March 27, 2017

10 Writing Tips that Will Rescue Your Resume

Many college students and recent college graduates dread writing a resume. The intimidation factor can be significant when faced with the task of enumerating what may seem like limited skills and experiences in order to land your first real job.

Obviously, employers don’t expect college students or recent grads to have a lot of on-the-job experience – you’ve been busy studying. That doesn’t mean they’re not interested in hiring someone just out of the gates. At this stage in your resume writing, your focus should be on marketing what you’ve done in a fresh and intriguing way.

Here are some tips that will help you effectively market yourself to potential employers, no matter what your level of experience is:

  1. Describe Your Job Experience Right. If you’ve held jobs that are unrelated to the field you’re trying to enter, you can still list them. For jobs like retail work, food service or babysitting, your goal is to find a way to best market this experience. What did you do that was innovative, effective or above the call of duty? If you were promoted or earned accolades like “Employee of the Month”, include it. If you were given extra responsibilities, include them. Examples:
    — Was responsible for making daily bank deposits of $10,000 for the highest-performing branch in the region.
    — Held position of secretary at staff meetings.
    — Earned a promotion to head cook after two months of employment.Don’t include things like: seated guests, served drinks, cleaned the work station.Stick to highlights and exclude obvious things that can be assumed about the job.
  2. Consider Two Categories for Job Experience. At this point in your life, you may have had limited job experience that’s related to your field of interest. If, however, you’ve already held a position that’s relevant, it may be better to create two categories: Relevant Experience and Other Job Experience.If you’re applying for a job at an investment bank and were previously employed at an investment bank, put that under Relevant Experience. Everything else will go under Other Job Experience. Employers often scan resumes for relevance and highlighting such moments makes it easier for them to spot it.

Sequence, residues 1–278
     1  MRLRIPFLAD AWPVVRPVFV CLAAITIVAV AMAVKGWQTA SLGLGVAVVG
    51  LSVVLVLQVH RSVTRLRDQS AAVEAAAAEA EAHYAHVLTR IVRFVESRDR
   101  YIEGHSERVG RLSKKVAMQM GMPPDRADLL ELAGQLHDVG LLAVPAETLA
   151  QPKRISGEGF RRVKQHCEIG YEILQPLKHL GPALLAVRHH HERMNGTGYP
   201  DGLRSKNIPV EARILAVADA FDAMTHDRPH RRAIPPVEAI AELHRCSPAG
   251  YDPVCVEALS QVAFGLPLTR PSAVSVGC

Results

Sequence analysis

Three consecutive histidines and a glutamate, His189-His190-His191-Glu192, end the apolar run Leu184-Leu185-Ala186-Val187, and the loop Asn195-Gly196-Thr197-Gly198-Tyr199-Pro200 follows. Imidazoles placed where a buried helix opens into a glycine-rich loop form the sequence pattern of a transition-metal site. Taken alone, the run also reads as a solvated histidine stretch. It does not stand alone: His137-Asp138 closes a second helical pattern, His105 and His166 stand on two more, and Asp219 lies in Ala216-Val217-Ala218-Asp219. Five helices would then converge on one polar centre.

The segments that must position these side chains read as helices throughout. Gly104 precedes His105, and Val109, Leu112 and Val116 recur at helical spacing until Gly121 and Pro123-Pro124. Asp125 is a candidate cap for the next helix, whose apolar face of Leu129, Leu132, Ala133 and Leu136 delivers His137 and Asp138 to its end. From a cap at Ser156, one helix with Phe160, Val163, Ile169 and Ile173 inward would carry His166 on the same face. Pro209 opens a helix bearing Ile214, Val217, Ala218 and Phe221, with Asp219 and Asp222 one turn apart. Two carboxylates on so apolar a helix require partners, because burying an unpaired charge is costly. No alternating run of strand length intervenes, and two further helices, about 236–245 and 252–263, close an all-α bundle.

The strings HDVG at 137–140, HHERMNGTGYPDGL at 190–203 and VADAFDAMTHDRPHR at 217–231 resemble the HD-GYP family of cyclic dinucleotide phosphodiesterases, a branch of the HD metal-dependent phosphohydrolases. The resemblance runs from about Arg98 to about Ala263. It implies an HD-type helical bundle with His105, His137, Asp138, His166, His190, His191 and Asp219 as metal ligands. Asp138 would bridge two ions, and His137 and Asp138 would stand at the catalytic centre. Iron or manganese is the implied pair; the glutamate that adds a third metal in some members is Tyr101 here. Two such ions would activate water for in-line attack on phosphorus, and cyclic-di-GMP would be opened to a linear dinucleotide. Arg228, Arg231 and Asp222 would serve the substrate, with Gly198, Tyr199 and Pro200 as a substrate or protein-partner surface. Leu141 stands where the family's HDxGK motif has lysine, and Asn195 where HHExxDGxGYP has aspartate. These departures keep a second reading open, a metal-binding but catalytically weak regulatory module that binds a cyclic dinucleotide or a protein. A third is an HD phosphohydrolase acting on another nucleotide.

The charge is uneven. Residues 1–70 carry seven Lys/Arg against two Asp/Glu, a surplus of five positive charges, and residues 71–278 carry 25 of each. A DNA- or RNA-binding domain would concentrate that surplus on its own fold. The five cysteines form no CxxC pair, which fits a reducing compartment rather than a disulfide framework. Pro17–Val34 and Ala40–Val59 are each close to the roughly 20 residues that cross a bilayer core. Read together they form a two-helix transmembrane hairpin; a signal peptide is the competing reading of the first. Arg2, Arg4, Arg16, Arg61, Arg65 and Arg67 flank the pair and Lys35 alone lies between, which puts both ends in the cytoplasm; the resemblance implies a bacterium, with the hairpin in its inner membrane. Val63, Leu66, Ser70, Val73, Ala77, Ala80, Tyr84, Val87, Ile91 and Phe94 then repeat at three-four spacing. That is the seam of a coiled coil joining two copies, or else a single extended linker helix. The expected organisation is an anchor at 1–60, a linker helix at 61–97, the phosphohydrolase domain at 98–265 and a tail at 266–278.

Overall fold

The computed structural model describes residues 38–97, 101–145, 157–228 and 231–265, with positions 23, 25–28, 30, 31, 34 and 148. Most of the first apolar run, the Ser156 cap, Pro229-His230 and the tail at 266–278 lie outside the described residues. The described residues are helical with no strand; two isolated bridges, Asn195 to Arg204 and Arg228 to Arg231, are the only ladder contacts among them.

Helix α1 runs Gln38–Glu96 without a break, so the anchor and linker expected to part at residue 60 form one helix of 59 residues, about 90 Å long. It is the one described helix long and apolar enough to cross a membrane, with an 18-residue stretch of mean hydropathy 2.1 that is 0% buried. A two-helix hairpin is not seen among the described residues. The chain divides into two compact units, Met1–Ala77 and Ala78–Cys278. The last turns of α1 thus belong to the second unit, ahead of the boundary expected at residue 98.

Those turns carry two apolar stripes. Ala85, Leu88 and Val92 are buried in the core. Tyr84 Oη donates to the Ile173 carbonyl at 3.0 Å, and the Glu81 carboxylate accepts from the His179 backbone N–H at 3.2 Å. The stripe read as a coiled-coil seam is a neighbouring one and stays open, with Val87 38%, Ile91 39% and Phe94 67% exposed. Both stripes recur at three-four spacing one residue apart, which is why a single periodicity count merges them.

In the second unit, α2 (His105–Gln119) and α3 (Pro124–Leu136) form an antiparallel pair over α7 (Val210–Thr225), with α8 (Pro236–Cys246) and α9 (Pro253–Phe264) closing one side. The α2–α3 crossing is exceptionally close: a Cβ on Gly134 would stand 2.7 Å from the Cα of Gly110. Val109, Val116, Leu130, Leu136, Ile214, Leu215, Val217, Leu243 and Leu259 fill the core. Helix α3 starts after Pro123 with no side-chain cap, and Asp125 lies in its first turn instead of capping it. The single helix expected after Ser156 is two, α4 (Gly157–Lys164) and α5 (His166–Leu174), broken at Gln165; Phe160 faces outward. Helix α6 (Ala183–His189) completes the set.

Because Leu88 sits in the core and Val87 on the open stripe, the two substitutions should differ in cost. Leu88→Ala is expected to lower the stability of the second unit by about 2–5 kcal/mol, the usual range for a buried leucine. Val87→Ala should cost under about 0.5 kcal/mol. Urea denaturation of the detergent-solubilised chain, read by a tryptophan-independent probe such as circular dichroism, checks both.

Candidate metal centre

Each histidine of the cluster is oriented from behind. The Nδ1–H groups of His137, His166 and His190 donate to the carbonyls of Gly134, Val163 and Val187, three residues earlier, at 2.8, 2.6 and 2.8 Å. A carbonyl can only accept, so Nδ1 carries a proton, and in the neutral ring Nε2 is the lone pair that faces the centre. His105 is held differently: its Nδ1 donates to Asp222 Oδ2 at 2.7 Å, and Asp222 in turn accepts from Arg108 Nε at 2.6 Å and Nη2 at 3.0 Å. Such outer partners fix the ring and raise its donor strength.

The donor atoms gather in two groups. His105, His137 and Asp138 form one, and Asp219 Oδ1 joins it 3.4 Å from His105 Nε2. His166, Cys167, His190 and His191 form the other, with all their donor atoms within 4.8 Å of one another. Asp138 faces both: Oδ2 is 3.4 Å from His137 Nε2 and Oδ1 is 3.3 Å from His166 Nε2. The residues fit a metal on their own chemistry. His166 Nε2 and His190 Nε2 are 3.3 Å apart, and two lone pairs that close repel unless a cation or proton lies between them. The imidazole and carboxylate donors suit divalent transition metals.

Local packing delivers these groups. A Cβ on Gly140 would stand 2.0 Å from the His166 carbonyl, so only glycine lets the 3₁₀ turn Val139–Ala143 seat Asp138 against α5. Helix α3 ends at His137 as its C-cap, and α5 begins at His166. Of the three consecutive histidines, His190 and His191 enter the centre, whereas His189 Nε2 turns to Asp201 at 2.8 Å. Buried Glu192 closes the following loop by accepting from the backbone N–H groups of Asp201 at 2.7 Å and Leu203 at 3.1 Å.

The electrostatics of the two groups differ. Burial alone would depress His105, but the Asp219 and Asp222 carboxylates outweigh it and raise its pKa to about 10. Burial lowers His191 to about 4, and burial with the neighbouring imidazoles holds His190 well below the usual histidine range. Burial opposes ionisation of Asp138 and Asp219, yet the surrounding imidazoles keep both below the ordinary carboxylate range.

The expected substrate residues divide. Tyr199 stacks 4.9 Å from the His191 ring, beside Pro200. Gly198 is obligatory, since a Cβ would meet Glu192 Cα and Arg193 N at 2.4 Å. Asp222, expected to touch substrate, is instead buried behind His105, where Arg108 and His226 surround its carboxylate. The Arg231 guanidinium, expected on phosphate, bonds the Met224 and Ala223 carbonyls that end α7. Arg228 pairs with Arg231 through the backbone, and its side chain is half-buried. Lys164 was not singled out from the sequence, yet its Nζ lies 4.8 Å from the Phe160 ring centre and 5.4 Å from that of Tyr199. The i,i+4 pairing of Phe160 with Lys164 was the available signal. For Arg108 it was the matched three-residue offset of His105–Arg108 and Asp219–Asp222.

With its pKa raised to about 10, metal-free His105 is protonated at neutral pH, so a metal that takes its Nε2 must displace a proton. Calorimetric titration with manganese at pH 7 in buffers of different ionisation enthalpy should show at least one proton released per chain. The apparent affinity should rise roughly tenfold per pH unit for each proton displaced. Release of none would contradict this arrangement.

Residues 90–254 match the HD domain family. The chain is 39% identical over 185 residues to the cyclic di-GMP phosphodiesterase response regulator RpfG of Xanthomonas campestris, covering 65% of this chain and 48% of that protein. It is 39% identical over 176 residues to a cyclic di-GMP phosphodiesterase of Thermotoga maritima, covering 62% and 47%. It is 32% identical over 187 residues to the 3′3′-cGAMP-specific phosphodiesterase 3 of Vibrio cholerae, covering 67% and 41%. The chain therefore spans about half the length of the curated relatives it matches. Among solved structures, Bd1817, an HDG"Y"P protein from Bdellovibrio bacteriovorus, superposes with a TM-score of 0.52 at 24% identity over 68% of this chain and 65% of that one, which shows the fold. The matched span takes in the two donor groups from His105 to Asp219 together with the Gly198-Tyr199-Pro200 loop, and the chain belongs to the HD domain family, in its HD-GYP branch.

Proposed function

3. Bullet points. Use bullet points to list responsibilities and accomplishments. They’re easy to read and prevent you from rambling.
  4. Extra-curricular activities. Don’t list every club and organization you’ve been involved in. Instead, choose the ones that are either related to the job you’re applying to (example: if you’re applying to a nonprofit and have volunteered at one, include that activity) or where you’ve held a leadership position (example: Student Body President, Captain of the Varsity Rowing Team, Editor of the Student Newspaper).
  5. Choose Action Verbs. When describing your experiences, use action verbs. Use the past tense or simple present if the activity is ongoing. Here’s a great action verb reference list.
  6. Use numbers. Numbers are the best kind of language for a resume. They quantify results and make your experiences concrete. If you’ve “managed a team of 12 volunteers” at a summer camp or “improved SAT scores by 80%” for students you tutored, or “raised $5,000 in 15 days” for a charity organization, then say it.
  7. Coursework. If you have coursework that’s related to the job you’re applying to, then list it. For example, if you’re applying to an international finance firm and took a course in international finance, it’s a go. If you’ve studied art history and are applying as a docent at a museum, list it. Include the title of the course, professor, and titles of term papers you’ve written or projects you’ve completed for this course.
  8. Achievements. Scholarships, awards, and GPAs all have a place on your resume. Only list your GPA if it’s above 3.0.
  9. Don’t Pad It. You may feel the need to fill out the one page by padding it with every possible experience or activity you’ve ever been involved in. Don’t. Most employers spend an average of 6 seconds looking at a resume. Therefore, a shorter, more succinct resume that includes relevant information is more effective than a long, meandering list.
  10. Proofread. Make sure there are no mistakes. Go over it a dozen times. Read it out loud. Have a friend read it. Then send it out.

These tips are meant to help you highlight your accomplishments and draw the attention of your potential employer. Be confident and don’t undersell your experiences.

Cari Bennette is an experienced writer and online content author. She works at JetWriters.com and manages editing processes and loves to provide students with advice on writing.

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